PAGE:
Neither the epidemiological evidence nor current cancer surveillence systems justify the general rollout of a HPV vaccination programme either in India or in the two states where PATH was conducting its research. HPV vaccination programmes should only proceed where there is both strong epidemiological evidence and where there are adequate surveillance and monitoring systems.

The cervical cancer rate does not justify the costs or risks for the HPV vaccine.

Study Implications for Industrialized Nations

This study about the lack of justification of the HPV vaccine in India has strong implications for its massive rollout in the west. All we need to do is compare the incidence of cervical cancer in India with those of western nations:

India United           States of America          United Kingdom
22 per 100,000       8.0 per 100,000(3)       10.5 per 100,000(4)

Even in terms of cancer rates, these are low. In the UK, the total annual rate of cancer as of 2008 was 466.3/100,000(4). In the US, the rate for 2008 was 517.6/100,000(5). The study did not give an overall cancer rate in India. It did, though, focus on the fact that the mortality rate (not incidence, but actually death rate) of Indian women from diabetes and cardiovascular diseases was 283/100,000, and compared it with the death rate from cervical cancer: 7.7/100,000.

In the US and UK, the cervical cancer rate is less than half that found in India. This study found that giving the HPV vaccine makes no sense in light of both its cost and harmful effects. This doesn’t even consider the fact that no cause-and-effect connection between HPV and cancer has ever been shown, so there is nothing to demonstrate that the very expensive HPV vaccines even accomplish what they claim.

The implication of this study for the industrialized nations is that the HPV vaccines make no sense, even without taking into account the question of whether they actually do prevent cervical cancer. Cervical cancer is a relatively rare disease. It isn’t even in the top ten cancers. Whether we like to accept it or not, the fact is that cost of medical treatment does matter. If we spend too much on one thing, then we won’t have enough to spend on something else. So, we must make rational decisions.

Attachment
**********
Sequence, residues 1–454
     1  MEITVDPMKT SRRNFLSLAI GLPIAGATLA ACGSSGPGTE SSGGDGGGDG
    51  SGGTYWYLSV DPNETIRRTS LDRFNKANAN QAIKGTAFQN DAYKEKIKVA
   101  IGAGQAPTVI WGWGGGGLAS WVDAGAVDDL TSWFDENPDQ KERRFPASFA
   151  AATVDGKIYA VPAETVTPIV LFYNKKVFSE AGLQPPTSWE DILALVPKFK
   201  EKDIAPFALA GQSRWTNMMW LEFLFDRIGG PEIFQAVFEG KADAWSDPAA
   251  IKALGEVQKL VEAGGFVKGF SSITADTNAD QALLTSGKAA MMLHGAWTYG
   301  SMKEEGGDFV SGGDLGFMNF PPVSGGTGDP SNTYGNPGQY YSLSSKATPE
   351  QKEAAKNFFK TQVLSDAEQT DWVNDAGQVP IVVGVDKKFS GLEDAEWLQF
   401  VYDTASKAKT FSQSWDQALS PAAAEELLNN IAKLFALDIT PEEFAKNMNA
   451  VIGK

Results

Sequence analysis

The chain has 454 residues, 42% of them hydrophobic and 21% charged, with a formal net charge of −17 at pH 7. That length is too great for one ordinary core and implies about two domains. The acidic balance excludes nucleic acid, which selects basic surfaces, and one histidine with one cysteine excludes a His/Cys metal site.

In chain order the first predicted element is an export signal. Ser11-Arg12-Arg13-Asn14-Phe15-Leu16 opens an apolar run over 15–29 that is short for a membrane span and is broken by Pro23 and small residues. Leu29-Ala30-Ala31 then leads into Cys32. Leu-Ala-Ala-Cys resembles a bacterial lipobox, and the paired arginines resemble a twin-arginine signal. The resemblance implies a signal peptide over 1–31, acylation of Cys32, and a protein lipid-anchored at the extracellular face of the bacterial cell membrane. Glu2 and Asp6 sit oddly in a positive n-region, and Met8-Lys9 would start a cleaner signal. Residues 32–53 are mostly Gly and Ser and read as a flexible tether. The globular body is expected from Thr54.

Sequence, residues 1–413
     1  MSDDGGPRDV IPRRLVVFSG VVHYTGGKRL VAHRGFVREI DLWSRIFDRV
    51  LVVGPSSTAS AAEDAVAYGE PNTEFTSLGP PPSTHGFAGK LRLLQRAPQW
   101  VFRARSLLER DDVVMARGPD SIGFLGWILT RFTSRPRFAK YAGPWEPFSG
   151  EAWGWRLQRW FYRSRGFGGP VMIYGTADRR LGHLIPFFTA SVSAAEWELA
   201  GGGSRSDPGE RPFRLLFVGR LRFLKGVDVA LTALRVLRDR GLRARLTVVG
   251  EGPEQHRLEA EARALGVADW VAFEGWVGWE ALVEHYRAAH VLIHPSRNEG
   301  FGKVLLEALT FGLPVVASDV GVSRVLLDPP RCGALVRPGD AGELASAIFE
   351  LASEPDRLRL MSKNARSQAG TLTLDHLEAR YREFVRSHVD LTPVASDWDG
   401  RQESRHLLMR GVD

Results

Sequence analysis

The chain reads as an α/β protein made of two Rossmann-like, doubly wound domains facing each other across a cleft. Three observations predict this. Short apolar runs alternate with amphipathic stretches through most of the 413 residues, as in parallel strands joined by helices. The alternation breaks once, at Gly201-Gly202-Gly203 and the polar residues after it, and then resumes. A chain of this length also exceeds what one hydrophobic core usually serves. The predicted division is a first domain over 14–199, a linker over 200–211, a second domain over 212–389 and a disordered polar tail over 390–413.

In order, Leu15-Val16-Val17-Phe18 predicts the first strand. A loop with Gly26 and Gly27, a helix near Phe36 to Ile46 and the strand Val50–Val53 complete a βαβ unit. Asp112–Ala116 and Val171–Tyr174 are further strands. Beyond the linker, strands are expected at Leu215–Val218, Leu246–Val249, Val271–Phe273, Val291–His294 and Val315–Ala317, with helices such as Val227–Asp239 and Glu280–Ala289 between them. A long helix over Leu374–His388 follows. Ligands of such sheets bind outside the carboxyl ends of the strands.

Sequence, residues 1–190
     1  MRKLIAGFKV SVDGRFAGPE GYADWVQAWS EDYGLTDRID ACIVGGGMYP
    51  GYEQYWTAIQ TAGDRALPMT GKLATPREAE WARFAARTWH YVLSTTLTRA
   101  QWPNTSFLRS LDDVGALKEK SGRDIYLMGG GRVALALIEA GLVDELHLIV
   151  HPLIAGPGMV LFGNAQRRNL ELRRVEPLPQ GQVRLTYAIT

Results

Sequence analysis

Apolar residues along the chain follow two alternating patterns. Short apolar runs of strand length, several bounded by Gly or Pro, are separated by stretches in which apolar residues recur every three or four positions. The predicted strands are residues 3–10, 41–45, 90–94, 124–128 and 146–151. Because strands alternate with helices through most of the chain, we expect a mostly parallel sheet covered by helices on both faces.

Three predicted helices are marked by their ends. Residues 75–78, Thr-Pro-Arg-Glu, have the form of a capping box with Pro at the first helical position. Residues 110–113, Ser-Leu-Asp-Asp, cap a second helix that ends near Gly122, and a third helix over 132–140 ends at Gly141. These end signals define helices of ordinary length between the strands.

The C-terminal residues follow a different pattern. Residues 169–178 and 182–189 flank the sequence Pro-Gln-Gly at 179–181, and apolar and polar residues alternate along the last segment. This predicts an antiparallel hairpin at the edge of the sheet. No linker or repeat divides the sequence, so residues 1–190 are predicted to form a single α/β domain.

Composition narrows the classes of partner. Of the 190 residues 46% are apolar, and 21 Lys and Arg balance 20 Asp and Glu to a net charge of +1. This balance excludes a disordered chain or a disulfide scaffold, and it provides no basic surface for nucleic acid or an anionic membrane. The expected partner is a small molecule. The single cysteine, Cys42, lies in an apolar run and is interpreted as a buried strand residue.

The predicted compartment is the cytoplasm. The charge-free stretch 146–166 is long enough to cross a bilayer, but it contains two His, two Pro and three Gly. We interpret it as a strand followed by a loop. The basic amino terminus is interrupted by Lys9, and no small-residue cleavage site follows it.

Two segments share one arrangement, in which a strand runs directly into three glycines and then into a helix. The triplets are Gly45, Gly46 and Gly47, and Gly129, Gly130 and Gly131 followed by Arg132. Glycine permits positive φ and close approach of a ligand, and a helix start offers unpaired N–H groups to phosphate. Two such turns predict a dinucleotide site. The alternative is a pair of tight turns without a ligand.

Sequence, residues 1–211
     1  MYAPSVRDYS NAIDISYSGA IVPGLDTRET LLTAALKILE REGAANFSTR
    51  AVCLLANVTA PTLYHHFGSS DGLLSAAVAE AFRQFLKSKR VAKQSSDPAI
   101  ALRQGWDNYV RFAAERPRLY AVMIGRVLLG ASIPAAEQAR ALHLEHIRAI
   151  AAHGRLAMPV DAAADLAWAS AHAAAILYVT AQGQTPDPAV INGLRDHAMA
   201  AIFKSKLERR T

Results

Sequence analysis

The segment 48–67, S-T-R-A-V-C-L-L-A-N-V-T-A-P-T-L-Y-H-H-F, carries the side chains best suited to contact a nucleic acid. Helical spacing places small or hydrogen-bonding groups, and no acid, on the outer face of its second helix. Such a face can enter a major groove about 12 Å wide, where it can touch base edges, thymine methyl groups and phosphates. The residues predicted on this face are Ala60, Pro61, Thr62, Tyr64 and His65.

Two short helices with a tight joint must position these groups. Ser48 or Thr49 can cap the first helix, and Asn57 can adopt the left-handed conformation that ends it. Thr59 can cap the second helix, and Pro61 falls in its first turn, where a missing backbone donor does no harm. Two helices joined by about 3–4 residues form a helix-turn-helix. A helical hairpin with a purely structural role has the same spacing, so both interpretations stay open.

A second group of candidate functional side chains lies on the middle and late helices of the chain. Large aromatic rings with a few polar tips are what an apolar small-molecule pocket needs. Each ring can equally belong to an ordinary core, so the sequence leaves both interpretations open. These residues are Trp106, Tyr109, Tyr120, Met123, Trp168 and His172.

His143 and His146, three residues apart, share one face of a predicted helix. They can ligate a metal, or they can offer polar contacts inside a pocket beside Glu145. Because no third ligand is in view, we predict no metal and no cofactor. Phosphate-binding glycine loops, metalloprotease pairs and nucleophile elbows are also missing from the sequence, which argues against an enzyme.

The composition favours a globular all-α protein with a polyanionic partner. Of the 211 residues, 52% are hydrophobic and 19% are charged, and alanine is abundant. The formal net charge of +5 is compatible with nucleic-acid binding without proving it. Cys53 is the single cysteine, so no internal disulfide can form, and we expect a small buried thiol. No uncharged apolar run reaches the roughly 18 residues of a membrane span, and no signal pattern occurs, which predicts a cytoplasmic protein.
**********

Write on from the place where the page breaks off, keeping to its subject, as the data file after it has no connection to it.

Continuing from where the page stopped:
So, the question is: Does it make any sense to promote a vaccine for HPV? Consider these facts:

There is no proof that it prevents cancer.
The cost of the vaccine is extremely high and must be repeated at least three times for initial coverage and again every few years.
The rate of cervical cancer is quite low.
The cure rate of cervical cancer is quite high.
The adverse effects are devastating.
Clearly, it does not. Whether in India or a western nation, there simply is no justification for the HPV vaccines—unless, of course, you’re Merck or GSK.

Video of Study Author Discussing Problems Found in the PATH Claims

Professor Allyson Pollock, one of the paper’s researchers, is interviewed in this video. She states quite clearly that it will take at least 30 years to know if the vaccine works to prevent cancer and specifically states that PATH is hugely irresponsible in pushing the HPV vaccines in India. She clarifies quite clearly why the HPV vaccine makes no sense in India. It’s a shame she didn’t expand her comments to the use of these vaccines in the west [8:55]: